Both ConFused5 and SolidTube were virtually unknown bands on the Sellaband artist roster six months ago. They were working under the radar of the more prominent bands and being on page one seemed a distant goal. Our dialogs became more than the typical, "Come listen to us and buy some parts" spiel, and it wasn't long before I knew that both of these bands were very serious about making it on Sellaband, but at a loss as to how they could break out of a country with a population smaller than Los Angeles county. After exchanging ideas and strategies for possible ways to increase exposure on the Sellaband platform, Markus decided to organize what would become a very successful Sellaband event in Salzburg featuring both ConFused5 and Solidtube, and supported by additional Sellaband artists, Lorraine Jones and Pieps. The "Roll Over Austria" concert proved to benefit all the artists who took part. SolidTube's fans from Vienna, the Salzburg crowd, and the die-hard Sellabanders who made the trip from all over Europe combined to offer the artists international exposure and the prominence of serious contenders in the Sellaband community.

The success of the concert and the ensuing flurry of investment activity inspired these bands to hone their networking and promotional skills. My morning coffee ritual now included looking over the charts to see how many parts had been added to both band's accounts, and sending congratulatory messages at every milestone. Before long, Markus approached me about the possibility of producing the ConFused5 album when the time came. And, as SolidTube reached top 5 status, Docnik made the same overture. In my Bottom-End reviews of both of these bands, I had said that, with the right production team in place, both were capable of turning out albums that could do very well. Little did I think as I wrote those reviews that I would be involved in these productions.

And now, three days before I get on a plane to Vienna, the realization of my summer daydream is just on the other side of the luggage carousel at Schwechat Airport. Ah, this will be fun! February in Vienna with the glorious voice of Mandana. And then off to Sonic Flow Studio in Salzburg where ConFused5 will record their project. Who says that dreams can't come true?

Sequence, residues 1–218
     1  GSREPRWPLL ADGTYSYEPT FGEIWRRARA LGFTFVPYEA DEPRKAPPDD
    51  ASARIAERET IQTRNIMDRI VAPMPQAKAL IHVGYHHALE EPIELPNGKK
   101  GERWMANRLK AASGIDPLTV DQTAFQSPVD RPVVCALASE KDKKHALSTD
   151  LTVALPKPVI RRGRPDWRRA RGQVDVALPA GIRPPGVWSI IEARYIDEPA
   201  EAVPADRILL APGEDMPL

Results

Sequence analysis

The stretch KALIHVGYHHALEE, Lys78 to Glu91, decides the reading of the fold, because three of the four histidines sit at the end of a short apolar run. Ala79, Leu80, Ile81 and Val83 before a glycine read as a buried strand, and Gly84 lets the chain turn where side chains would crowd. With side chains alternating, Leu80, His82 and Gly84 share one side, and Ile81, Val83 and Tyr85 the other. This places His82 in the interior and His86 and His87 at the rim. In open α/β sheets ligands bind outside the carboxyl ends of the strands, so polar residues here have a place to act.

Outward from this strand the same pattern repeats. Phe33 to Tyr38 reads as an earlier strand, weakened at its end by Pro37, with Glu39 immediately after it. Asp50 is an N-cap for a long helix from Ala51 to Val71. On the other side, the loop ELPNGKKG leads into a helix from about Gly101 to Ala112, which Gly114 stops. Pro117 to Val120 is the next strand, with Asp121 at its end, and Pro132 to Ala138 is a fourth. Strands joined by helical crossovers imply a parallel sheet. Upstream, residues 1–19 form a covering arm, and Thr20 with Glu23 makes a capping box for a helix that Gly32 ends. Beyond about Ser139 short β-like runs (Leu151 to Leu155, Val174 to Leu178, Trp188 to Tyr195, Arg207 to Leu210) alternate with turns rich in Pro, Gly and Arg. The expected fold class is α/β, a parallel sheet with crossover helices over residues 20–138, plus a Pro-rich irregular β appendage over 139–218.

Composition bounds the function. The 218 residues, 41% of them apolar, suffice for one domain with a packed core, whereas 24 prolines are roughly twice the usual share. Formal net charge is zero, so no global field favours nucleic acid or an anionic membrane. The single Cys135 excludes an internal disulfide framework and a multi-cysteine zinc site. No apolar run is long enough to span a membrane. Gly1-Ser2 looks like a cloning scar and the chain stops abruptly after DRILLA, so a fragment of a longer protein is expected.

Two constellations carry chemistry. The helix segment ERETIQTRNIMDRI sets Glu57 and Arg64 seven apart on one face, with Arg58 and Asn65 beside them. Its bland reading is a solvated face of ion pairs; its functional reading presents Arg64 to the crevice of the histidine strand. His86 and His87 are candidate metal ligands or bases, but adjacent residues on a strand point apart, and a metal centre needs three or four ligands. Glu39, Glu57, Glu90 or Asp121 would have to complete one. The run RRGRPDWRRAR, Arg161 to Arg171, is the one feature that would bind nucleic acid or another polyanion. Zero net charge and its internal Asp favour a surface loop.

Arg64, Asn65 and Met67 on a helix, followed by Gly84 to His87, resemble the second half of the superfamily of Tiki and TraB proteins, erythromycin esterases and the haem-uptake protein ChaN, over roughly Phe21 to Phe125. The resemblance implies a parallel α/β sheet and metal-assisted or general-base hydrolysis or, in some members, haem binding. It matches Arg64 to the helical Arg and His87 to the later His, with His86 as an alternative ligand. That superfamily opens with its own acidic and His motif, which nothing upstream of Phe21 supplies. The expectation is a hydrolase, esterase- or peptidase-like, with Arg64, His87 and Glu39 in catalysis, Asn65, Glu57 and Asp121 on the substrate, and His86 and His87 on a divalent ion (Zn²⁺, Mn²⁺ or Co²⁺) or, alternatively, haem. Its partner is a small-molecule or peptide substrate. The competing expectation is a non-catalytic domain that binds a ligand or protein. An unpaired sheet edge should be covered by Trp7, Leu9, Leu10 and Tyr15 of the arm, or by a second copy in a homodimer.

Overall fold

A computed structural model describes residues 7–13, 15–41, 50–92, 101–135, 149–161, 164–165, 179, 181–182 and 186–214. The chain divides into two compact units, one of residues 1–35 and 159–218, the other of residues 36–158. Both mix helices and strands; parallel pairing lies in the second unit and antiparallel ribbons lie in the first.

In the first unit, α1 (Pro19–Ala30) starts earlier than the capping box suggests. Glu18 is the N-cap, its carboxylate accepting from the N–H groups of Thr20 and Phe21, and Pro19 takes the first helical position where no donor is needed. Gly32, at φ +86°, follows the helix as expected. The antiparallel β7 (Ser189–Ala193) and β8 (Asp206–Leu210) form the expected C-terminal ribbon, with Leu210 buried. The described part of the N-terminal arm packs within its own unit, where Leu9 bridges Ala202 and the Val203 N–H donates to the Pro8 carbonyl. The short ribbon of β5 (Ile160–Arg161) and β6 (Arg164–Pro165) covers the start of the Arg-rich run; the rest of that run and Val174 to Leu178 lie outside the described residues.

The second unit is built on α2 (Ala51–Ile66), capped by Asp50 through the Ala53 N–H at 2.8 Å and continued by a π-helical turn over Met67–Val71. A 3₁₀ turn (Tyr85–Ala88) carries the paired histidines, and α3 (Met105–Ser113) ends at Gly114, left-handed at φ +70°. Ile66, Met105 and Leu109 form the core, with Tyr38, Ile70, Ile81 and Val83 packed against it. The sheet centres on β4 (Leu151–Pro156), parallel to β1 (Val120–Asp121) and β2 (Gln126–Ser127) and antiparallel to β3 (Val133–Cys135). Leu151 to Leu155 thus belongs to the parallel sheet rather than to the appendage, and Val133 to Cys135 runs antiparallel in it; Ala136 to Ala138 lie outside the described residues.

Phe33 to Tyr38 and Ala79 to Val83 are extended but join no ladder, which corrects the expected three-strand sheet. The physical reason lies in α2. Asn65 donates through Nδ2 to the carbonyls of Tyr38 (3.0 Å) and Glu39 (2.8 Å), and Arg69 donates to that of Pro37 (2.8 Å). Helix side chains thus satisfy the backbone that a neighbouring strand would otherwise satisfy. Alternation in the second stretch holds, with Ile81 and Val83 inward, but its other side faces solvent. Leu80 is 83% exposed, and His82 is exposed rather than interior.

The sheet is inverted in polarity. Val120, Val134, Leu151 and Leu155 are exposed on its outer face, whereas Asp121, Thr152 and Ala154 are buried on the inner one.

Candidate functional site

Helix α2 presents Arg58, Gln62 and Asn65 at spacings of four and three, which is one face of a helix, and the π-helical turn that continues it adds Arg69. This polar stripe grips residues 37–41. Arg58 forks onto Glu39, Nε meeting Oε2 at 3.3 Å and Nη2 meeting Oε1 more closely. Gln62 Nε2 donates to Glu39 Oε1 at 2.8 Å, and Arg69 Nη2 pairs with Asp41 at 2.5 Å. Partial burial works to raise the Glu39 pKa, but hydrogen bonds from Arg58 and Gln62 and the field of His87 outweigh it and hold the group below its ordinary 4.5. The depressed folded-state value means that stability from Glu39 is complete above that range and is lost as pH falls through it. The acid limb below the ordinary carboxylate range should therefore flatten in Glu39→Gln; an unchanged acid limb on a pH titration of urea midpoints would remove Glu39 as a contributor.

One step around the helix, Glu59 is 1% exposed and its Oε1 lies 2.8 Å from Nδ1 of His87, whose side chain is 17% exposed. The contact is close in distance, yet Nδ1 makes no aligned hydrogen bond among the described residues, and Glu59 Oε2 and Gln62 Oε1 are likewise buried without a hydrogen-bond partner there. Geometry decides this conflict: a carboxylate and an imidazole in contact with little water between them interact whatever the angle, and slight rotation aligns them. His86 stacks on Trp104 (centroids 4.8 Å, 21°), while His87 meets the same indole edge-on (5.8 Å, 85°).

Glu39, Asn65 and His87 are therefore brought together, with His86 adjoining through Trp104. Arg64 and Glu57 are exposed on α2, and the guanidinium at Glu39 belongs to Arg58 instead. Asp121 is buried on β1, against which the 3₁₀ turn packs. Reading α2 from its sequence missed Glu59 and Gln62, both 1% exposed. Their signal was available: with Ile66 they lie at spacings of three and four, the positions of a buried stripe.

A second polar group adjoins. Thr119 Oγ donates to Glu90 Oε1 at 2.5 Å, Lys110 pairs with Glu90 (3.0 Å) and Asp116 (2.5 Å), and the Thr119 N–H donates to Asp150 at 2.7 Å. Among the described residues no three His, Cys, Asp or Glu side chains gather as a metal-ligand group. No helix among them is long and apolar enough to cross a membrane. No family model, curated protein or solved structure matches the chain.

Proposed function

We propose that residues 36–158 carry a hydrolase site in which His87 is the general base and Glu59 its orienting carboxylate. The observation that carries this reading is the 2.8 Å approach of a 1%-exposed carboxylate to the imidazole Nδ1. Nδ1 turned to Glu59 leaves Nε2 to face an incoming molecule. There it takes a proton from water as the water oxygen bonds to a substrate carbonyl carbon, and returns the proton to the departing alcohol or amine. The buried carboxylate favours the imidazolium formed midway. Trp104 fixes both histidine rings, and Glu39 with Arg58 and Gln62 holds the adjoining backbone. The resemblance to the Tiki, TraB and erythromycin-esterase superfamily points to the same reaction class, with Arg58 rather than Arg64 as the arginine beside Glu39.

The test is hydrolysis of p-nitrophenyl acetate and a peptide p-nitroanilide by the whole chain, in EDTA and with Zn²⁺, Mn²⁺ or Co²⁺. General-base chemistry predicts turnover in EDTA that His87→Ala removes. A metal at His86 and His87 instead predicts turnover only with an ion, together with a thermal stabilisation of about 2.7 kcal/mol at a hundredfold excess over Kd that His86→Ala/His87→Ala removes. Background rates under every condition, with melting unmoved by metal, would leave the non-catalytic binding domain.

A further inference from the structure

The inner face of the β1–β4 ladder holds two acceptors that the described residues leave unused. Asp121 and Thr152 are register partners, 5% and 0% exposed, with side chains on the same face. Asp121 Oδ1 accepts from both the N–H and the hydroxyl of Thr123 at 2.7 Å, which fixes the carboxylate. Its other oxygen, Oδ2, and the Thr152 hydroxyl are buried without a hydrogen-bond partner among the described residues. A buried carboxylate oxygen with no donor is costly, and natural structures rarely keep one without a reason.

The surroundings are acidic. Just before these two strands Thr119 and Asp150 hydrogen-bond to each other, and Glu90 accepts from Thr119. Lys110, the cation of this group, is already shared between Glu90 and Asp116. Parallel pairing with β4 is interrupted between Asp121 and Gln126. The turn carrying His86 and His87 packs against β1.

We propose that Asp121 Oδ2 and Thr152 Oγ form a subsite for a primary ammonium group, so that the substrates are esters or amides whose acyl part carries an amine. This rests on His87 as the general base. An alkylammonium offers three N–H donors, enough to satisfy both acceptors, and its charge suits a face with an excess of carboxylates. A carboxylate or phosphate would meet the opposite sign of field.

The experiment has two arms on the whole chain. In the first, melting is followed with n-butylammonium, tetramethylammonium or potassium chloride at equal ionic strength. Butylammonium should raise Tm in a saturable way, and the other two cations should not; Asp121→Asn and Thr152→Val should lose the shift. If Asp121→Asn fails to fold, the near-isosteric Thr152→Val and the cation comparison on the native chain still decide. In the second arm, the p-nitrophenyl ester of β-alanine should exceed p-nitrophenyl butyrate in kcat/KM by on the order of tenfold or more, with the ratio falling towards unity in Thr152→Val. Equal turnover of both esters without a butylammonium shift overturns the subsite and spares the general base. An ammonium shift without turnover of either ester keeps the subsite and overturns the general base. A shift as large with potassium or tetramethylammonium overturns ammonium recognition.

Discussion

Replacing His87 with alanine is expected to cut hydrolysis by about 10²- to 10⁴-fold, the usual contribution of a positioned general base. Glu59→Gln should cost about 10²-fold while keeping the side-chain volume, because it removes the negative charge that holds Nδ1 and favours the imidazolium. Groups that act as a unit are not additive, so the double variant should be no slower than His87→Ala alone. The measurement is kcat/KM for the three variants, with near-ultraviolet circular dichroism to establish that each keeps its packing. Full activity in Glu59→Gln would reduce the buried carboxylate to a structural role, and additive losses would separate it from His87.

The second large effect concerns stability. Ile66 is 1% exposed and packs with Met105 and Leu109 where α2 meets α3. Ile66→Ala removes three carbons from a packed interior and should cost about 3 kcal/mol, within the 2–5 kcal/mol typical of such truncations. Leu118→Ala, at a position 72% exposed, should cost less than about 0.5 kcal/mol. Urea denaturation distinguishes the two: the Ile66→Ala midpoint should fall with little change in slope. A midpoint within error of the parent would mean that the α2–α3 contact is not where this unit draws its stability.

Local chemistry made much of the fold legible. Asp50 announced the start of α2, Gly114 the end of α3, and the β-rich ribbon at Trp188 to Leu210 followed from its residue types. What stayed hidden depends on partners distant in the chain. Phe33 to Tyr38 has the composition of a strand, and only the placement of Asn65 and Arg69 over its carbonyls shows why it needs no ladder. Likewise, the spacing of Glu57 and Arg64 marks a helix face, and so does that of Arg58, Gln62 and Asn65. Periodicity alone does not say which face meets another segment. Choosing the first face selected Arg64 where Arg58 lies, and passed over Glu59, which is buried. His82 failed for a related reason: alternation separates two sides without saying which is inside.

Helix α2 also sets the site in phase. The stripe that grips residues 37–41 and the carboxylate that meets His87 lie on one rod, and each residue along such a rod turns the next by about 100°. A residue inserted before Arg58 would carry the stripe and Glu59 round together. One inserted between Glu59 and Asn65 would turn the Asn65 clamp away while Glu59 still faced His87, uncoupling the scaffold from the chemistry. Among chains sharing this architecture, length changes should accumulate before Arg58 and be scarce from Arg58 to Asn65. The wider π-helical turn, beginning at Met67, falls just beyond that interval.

Incidentally, I'll be joining Solidtube onstage as their temporary bass player on the 8th at Replugged in the 7th district of Vienna. If you're in the neighborhood, stop by and say "Servus." In the meantime, stay tuned to the Bottom-End for a running account of the sessions. Auf Wiedersehen!

Wednesday, January 23, 2008

"Gimme an Asshole Who Can Play!"

That is a direct quote from Monty Budwig. I had been studying string bass with the veteran west coast bassist for a few months and the lessons had become more like rap sessions on a variety of subjects, some of them musical. On one occasion I walked in on Monty and trumpeter Jack Sheldon debating the financial merits of opening a repair shop for "love toys." I couldn't help myself from observing that they both had a few screws loose and the "lesson" degenerated into a discussion concerning the many character flaws integral to the making of most great musicians.

The name of a famous bassist came up and we were unanimous in our opinion that this guy would not be our first choice as a next door neighbor. We agreed however, that this musician could be depended on to light it up when the record button was pushed. To paraphrase Monty, "When you got a roomful of guys making double scale, a producer breathing down your neck and the clock is ticking...gimme an asshole who can play!"

Most of my close friends and acquaintances are either athletes or musicians and I can say with authority that of those who excel in either endeavor, few, if any have both oars in the water at the same time. Their infirmities range from engaging in mild superstitious rituals to experiencing out and out psychotic episodes. Off beat and idiosyncratic behaviors are the order of the day and that which would be considered utterly unacceptable in civilian circles barely raises an eyebrow within the safety of the rehearsal hall or studio.